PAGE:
Finding the Yeses in the No
And here were Valerie and I, perched in a comfortable, light-filled, ocean-view hideaway on a hillside above it. In order to take the direct route to the public beach, we trekked across the PCH (dubbed so by locals) and through the lobby of the tony Montage Resort, rated one of the finest in the world. Valerie and I felt a little smug about being perched above the five-star Montage Resort; after all, it was the same air, same view, same ocean, and we weren’t paying for it.
Having taken over the beach house a few days before Steve Bell’s arrival, we roamed the town, found the gelato shop, explored nearby Dana Point, visited with some of our father’s aging relatives and discovered the Laguna Beach Resale Store, where I bought a pair of Ralph Lauren tailored cropped pants for $20 (really the high end of my purchasing budget!—compared to a RL list price of $450 for a similar pair of pants).
Due to an exceedingly tight income (a monthly Social Security check of $602), I have had the joy of discovering brand names in places such as Goodwill (all over the country) St. Vincent de Paul’s (in downtown West Chicago) and the Laguna Beach Resale Store. I like shopping for perfectly good clothes that show next-to-no wear. Last month, for $36, I walked out of Goodwill (with my new immigrant shopping colleagues, white-haired retirees, and parents making ends meet) having purchased a beautiful genuine leather winter jacket, two turtleneck tops, one great wrinkle-less blouse, and another pair of Ralph Lauren grey slacks ($325 list price). “You know,” I reported to David, “I’m wearing better made clothes now than I have in all my life!”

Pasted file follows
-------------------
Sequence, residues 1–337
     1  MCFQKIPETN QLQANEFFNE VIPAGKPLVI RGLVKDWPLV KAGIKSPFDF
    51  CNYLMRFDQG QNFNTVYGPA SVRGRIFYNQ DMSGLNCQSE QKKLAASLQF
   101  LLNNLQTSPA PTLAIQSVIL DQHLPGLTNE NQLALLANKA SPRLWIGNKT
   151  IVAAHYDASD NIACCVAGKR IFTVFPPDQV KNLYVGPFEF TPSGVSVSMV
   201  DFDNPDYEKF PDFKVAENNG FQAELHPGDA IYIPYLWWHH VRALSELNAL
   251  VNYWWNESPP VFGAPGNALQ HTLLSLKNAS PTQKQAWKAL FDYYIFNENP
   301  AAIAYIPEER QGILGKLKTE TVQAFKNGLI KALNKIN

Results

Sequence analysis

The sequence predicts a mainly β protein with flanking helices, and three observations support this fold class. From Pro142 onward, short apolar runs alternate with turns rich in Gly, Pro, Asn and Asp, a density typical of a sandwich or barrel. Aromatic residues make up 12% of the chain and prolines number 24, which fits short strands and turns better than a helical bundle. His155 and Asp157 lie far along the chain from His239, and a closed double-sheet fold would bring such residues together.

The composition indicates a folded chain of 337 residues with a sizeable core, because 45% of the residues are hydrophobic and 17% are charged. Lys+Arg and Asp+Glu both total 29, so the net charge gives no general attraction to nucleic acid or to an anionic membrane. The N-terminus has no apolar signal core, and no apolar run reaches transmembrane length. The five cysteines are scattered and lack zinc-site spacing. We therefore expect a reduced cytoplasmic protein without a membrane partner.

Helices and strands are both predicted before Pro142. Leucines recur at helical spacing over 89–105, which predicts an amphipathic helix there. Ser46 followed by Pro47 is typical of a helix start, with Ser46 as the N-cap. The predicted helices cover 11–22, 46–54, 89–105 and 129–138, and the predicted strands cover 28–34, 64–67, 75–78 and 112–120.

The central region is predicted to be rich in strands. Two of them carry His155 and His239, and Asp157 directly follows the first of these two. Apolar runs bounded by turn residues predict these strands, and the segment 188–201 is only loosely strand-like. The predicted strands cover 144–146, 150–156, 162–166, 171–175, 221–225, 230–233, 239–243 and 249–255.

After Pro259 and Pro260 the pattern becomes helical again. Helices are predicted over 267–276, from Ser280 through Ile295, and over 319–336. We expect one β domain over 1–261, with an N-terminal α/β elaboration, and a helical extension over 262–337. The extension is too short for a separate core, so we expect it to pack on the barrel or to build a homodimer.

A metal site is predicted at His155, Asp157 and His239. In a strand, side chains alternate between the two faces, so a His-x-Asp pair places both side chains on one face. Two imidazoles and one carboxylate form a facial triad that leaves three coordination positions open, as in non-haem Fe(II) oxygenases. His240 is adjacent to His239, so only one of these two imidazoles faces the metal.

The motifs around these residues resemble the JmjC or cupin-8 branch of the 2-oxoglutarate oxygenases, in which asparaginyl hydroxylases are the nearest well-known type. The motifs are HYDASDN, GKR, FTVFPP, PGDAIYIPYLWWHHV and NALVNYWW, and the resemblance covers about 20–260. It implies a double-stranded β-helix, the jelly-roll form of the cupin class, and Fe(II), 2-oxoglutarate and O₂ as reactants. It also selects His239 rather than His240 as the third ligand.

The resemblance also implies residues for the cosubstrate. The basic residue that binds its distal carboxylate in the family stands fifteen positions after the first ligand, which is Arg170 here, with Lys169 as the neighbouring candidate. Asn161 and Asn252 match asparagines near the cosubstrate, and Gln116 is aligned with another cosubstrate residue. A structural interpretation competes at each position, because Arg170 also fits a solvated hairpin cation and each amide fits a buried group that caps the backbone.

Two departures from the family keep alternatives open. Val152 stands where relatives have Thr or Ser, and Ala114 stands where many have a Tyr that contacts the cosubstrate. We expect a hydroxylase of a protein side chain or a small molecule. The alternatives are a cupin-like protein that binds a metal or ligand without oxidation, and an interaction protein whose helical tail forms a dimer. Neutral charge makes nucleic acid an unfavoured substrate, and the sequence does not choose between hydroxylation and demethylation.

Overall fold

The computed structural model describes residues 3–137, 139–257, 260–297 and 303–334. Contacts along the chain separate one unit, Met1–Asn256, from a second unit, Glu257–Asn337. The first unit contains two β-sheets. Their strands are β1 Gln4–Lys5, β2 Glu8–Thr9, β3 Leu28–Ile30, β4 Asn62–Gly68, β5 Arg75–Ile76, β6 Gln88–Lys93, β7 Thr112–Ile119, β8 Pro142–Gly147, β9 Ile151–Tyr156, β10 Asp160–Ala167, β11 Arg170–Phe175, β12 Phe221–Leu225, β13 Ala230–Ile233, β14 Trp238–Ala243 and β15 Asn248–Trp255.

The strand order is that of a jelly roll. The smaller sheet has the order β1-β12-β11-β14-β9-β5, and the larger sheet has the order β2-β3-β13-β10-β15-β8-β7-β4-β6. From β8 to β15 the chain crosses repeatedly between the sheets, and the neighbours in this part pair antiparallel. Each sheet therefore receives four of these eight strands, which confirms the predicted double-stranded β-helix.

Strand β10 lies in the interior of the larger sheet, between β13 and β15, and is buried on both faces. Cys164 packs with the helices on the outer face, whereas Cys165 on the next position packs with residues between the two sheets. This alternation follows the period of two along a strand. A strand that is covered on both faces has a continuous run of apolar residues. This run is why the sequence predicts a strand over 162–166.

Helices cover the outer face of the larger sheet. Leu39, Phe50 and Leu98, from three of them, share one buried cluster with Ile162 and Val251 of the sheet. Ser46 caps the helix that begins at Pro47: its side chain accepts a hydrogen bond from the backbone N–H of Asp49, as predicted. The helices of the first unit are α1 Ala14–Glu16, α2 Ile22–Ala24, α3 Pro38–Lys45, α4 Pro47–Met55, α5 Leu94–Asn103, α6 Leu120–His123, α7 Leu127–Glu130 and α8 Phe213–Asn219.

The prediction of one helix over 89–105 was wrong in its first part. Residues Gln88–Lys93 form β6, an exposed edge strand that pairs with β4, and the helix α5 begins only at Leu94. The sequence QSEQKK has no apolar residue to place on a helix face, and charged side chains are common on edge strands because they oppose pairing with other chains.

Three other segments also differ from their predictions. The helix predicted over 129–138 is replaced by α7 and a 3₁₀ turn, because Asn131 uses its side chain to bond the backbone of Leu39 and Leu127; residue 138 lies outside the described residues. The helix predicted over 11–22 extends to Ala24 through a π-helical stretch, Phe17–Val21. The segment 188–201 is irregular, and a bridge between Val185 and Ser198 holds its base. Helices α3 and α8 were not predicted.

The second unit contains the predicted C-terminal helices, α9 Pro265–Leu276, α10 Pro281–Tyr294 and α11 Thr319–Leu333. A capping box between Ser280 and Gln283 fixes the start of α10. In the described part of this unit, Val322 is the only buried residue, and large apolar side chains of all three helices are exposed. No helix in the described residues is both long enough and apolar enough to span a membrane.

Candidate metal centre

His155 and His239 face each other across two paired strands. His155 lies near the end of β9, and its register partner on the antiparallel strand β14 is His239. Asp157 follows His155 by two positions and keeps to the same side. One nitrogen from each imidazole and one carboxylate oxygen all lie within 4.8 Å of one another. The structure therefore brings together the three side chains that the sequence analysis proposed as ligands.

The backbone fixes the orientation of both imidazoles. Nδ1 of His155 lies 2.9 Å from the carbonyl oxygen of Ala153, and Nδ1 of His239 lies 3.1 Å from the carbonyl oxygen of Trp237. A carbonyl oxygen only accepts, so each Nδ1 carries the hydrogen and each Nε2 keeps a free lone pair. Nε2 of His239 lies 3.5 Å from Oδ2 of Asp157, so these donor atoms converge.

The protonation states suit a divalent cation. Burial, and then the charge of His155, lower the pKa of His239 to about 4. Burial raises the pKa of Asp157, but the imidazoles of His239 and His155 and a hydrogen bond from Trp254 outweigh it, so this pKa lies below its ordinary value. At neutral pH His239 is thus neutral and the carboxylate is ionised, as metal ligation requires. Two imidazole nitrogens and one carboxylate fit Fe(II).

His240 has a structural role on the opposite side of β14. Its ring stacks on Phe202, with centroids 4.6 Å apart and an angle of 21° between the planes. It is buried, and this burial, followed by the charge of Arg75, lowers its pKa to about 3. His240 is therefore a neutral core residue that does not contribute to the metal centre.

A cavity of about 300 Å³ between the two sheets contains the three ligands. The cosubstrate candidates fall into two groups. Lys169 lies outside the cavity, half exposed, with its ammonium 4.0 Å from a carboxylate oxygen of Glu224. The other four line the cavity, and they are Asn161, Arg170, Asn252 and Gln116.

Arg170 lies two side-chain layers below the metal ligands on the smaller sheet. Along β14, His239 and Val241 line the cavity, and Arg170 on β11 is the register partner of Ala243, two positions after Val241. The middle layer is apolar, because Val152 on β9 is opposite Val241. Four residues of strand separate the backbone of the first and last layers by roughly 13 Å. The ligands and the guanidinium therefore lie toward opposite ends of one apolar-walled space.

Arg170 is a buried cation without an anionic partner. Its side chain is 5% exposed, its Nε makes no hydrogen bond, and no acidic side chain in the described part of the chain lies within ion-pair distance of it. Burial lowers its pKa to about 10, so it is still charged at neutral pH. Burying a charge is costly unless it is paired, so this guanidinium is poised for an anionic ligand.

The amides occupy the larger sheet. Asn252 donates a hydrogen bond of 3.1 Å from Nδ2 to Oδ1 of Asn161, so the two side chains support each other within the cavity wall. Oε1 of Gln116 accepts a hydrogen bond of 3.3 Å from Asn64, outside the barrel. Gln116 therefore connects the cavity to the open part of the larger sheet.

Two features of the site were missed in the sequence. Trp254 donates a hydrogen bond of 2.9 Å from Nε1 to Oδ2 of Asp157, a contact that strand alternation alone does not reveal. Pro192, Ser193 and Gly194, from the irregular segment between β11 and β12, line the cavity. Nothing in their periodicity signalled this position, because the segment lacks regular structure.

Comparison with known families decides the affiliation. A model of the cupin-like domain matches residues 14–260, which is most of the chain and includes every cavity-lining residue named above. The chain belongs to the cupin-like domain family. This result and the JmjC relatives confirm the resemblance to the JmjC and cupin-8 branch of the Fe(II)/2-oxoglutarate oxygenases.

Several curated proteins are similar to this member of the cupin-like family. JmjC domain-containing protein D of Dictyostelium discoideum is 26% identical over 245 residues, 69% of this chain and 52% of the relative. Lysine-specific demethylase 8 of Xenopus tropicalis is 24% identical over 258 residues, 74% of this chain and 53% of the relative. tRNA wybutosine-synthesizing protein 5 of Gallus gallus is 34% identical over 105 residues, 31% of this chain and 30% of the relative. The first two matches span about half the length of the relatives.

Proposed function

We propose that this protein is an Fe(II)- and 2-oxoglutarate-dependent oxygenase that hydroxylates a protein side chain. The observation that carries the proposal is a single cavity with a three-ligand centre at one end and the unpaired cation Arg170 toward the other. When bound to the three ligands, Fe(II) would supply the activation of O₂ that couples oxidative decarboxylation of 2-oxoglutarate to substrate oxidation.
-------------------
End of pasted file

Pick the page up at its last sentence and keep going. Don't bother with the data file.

I love my Laguna Beach Ralph Lauren cropped pants. The finishing inside (the true test of a good garment) is particular, the fabrics are miraculous—they don’t wrinkle, consequently pack superbly, and fit the body marvelously! Upon arriving home from California, I grabbed the first opportunity to find matching tops and checked out the blouse racks at Goodwill, coming away with one crocheted vest, one white ¾-length sleeve jersey, one tan wool pullover turtleneck sweater, and one Land’s End navy-blue hoodie—all without stains, tears, spots or wear, for $16. Even I can afford that!
Apart from straightened income, apart from the fact that I was raised by Depression Era parents, there are whole theological layers as to why it is important to wear other people’s cast-off clothes, why it is important to shop where other lower-income people shop, but let me just concentrate on one layer.
I was raised in a theological system where I was taught that God answers our prayers in one of three ways: “yes,” “no” and “wait.” This is somewhat true, but what that theological system never taught me was that most of God’s “no’s” are really “yeses.” I don’t mean to say that God doesn’t slam shut doors (and aren’t we often grateful) or insist that the timing is just not right. He does slam doors shut, put up barricades, and refuse what sometimes are ill-informed requests. But I am becoming convinced that what seems like the “No!” of God is often really a “Yes!” In fact, I think God says “Yes!” much more than He says “No.” We just don’t know how to look for the yeses that are all around us.